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Nainoa on Wayfinding | Modern Wayfinding | Non-Instrument Navigation

Nainoa Thompson
Nainoa Thompson.

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Nainoa Thompson, the first modern-day Polynesian to learn and use wayfinding for long-distance, open-ocean voyaging, is leading a revival of the art and science of wayfinding. Thompson studied wayfinding under Mau Piailug, a master navigator from the island of Satawal in Micronesia. Mau navigated the first voyage of the Hokule'a to Tahiti in 1976; Thompson was Hokule'a's wayfinder on the 1980 and 1985-87 voyages.

Here, Thompson answers questions about wayfinding in an interview with filmmaker Gail Evenari. To listen to the interview, you'll need to download the RealPlayer.

Q: Why and how did the ancient Polynesians voyage?

A: (Listen in Real Audio) The ancient Polynesians voyaged on the double hull canoes. There were really three elements that -- allowed for -- the ability for the Polynesians to explore. And they needed to explore and they needed to sail in order to survive and spread their culture. The three elements that we're speaking of is one, they had evolve the technology of constructing a craft, a vessel, a double hull canoe that could -- be able to be sea-worthy enough and be able to be able to carry the people, the plants and the animlas to new found land. They had to have, they needed to be able to develop the skills of a sailor's to be able to -- to sail these canoes. And also they needed to have to develop a system of navigation that -- would able to guide the canoes to new found land and then back to their original home.

Q: Why was the canoe so important to Polynesian culture? Why is it still important?

A: (Listen in Real Audio) The canoe is really the central element to their survival. To the Polynesian's survival. They're an ocean people. Without the canoe they could not expand. And that's why in some respects, Hawaiians today owe their existence to the voyaging canoe.

Q: How is canoe sea-faring relevant today?

A: (Listen in Real Audio) People should care about the past. The Hawai'ians should care about the past. Because it tells the story of their ancestors. The accomplishments of the Hawai'ians and the Polynesians are tremendous. [Especially in light of] the time that they sailed and the minimal resource that they had to build their crafts. And the fact [is] that when you look at the great accomplishments of the Hawai'ians, there is a lot to be proud of. And that when we honor our ancestors, [and] also other descendants, it gives us a place, a place to belong.

Q: Why have you and others dedicated yourself to wayfinding?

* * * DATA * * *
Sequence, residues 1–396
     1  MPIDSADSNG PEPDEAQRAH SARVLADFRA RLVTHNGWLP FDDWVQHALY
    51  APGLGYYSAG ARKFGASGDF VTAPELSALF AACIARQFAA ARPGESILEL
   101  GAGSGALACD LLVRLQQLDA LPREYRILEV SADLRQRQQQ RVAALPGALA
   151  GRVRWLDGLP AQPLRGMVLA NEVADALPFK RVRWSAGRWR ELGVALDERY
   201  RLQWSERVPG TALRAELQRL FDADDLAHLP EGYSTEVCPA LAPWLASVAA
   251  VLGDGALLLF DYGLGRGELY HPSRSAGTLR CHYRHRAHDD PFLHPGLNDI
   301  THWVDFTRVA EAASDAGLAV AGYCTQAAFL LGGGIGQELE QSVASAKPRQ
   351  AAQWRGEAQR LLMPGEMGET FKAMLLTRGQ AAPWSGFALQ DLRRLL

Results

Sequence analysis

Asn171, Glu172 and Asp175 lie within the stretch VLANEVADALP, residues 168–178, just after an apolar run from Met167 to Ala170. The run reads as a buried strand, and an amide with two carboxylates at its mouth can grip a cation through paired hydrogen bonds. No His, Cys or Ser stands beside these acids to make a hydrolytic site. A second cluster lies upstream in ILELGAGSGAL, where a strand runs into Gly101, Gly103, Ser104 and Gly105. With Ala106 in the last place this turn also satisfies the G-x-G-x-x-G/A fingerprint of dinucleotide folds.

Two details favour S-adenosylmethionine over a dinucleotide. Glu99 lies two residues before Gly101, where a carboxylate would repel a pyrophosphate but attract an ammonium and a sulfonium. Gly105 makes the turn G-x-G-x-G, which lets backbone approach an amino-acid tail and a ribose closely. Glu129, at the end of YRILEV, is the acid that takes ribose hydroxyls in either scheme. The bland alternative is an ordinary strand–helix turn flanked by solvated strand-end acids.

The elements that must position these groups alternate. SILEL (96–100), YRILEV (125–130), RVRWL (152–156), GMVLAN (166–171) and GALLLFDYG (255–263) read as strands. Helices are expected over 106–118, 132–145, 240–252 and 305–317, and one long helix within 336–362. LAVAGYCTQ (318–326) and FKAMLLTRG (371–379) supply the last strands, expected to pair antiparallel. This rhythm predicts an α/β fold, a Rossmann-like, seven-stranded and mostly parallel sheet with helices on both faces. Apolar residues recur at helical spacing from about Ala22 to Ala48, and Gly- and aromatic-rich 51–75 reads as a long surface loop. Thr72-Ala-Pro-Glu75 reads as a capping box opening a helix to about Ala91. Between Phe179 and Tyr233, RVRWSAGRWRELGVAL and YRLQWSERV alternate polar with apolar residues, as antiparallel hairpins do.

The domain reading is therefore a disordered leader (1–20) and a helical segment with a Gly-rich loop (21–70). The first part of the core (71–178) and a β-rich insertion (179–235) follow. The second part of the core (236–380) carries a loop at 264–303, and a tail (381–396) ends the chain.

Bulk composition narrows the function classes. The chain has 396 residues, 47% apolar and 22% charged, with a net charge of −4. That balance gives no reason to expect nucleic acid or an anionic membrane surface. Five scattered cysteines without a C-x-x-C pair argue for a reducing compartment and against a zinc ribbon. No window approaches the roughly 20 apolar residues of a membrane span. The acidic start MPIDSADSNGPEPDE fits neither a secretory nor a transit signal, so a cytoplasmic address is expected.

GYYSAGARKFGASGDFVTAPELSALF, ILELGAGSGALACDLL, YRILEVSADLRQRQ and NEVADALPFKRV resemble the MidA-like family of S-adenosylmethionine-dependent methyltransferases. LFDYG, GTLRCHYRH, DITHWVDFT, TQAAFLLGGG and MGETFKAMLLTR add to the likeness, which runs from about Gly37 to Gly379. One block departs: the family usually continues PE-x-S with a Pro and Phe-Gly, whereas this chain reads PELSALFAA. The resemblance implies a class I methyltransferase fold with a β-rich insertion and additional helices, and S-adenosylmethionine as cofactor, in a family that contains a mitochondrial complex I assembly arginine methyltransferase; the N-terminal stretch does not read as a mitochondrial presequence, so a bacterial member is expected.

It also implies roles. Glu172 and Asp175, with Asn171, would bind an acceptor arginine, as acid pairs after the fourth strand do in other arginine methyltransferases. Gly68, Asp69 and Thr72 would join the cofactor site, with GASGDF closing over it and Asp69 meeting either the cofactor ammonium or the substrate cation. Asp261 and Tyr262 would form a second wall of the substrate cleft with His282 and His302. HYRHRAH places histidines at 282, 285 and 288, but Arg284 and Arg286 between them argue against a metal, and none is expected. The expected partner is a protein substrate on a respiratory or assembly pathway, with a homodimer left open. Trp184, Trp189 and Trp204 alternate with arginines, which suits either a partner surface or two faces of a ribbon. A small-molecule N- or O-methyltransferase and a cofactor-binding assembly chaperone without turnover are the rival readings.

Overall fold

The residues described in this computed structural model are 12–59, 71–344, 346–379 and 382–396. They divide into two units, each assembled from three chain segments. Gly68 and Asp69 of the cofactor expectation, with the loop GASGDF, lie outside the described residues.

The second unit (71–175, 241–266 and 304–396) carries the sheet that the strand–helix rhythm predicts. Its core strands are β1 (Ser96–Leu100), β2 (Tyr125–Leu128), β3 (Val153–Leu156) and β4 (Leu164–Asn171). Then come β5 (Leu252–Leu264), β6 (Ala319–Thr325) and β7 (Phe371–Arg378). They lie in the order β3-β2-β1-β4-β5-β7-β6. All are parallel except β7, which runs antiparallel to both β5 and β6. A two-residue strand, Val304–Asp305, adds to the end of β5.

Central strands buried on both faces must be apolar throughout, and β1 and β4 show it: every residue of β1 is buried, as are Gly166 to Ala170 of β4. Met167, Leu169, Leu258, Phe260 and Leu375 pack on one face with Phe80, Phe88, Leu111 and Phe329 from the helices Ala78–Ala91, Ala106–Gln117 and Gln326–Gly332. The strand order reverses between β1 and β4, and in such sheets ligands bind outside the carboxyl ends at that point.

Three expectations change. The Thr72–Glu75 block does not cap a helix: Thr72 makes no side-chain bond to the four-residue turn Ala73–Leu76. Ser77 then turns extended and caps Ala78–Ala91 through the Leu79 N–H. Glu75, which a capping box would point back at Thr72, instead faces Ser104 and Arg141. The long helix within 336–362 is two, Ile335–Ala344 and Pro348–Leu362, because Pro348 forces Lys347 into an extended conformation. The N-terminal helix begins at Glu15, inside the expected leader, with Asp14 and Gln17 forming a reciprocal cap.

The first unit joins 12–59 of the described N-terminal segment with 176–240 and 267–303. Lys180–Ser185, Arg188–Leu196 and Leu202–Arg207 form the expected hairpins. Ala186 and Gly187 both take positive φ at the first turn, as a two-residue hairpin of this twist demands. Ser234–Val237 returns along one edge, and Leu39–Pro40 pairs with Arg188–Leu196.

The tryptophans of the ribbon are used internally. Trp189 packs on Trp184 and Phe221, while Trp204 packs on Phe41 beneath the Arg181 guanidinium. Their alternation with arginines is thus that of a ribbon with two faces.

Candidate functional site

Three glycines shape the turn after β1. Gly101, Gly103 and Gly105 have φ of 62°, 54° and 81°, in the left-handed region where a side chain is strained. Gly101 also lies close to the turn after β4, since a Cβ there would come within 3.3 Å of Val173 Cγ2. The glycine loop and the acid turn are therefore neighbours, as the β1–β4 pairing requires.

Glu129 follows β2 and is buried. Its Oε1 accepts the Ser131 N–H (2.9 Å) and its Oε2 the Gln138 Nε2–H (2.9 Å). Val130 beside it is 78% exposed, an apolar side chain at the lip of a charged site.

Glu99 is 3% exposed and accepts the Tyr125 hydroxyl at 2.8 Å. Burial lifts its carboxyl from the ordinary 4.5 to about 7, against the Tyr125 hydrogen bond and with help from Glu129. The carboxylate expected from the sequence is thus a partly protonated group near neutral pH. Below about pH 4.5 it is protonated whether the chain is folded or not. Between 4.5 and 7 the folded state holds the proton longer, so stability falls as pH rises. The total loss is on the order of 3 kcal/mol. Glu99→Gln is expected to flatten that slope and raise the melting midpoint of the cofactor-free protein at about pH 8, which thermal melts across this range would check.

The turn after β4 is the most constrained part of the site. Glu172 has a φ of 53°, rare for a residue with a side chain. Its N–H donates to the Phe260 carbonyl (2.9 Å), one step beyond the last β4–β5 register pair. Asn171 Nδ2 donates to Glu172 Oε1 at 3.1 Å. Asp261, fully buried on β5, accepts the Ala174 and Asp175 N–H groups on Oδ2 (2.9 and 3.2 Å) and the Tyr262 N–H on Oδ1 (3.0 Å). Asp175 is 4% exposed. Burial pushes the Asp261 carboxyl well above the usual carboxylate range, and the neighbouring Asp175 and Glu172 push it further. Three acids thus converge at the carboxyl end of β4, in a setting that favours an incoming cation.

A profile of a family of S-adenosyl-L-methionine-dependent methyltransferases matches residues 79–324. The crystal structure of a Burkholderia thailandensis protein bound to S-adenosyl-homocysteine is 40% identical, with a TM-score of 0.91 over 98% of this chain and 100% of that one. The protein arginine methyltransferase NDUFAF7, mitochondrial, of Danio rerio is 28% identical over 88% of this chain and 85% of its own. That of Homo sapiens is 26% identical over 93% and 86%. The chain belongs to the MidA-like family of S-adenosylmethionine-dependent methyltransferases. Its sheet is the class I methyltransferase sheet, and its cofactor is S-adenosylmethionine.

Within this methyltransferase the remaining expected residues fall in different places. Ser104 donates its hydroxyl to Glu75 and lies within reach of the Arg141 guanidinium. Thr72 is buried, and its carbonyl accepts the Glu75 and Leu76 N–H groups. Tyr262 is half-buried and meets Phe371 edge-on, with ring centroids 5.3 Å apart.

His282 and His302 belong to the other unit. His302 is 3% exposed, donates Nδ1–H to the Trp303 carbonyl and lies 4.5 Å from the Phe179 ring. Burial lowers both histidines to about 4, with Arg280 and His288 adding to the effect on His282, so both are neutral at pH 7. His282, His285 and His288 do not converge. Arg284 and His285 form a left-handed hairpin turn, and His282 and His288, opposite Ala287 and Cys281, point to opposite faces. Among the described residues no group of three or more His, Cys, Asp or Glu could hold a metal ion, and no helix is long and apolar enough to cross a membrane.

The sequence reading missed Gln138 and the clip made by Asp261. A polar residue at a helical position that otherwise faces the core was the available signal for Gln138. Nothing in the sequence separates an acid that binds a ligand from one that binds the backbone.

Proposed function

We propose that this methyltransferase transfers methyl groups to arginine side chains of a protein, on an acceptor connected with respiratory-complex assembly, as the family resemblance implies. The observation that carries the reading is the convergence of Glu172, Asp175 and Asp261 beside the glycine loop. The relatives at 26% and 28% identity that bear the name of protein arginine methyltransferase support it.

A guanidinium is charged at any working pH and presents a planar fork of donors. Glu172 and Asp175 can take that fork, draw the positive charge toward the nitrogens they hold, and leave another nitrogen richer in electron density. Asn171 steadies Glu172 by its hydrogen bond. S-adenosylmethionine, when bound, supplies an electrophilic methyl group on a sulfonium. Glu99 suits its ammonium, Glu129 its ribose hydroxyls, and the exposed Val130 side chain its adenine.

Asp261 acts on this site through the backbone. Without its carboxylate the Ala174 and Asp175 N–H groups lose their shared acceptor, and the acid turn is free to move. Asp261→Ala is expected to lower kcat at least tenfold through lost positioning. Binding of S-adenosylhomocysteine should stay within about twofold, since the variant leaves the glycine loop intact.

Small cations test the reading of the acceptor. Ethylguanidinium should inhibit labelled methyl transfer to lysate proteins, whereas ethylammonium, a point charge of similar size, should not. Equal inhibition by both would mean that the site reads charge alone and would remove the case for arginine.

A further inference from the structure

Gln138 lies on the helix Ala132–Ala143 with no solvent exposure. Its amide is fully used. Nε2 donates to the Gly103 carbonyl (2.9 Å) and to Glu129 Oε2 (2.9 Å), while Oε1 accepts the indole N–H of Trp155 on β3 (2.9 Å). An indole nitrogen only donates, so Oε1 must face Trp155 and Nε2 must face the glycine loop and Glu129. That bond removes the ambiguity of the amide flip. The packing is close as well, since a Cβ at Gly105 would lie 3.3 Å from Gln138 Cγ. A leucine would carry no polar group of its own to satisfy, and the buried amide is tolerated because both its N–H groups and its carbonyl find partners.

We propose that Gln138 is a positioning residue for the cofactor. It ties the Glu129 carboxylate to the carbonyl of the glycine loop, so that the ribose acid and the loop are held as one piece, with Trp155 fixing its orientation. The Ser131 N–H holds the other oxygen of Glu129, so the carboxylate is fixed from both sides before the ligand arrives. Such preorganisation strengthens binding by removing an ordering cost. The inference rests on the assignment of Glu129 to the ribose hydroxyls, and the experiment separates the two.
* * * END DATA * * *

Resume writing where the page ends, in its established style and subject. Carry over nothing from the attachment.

A: (Listen in Real Audio) Today we're voyaging to learn more about our past. We're trying to recapture what has been lost in our history in the last couple hundred years. It is the hope that in better understanding our past, we're going to better understand who we are. When we understand who we are, it's going to give us a much better sense of belonging in the land that we call Hawai'i.

Q: Tell me a little about the Polynesian people and their history. They were a pretty unique people, weren't they?

A: (Listen in Real Audio) Yes, Polynesians are a unique people. They are an ocean people. They live in the middle of the Pacific Ocean, mostly on small islands. For the culture to expand itself and really to survive, they had to sail. They had to explore the vastness of the Pacific Ocean. Their explorations were amazing because in the time in their history, so far back in time, they were able to colonize almost every island in the central Pacific. And that -- that whole area -- is really the largest nation on Earth, geographically. It's more than six million square miles.

Q: What has it been like to sail on the replica Polynesian canoe, Hokule'a? How do you feel about the canoe?

A: (Listen in Real Audio) Hokule'a is like, is kind of like a window. A window that you can look through to see our past. It's almost as if sailing on Hokule'a, you could slice through layers of time and look back at who your ancestors were. Hokule'a provided a tremendous amount of inspiration for not just Hawai'ians, but for all the people we met in the south Pacific. It's a tremendous symbol that we all can honor and find pride in. Because we're able to see how much our ancestors were able to do in working with so little.

Q: What exactly is wayfinding? How does it work?

A: (Listen in Real Audio) The traditional way of navigating used all the natural science to guide the canoe. And that would be in the heavens, the stars and the moon at night, the sun and the moon during the day, as well as the ocean waves. The system incorporated reading the signs of the clouds and also the animals, especially the seabirds to determine where land is. It was an ingenious system that required tremendous observation of the elements of nature to make successful landfall.

Q: Why did you want to learn how to navigate?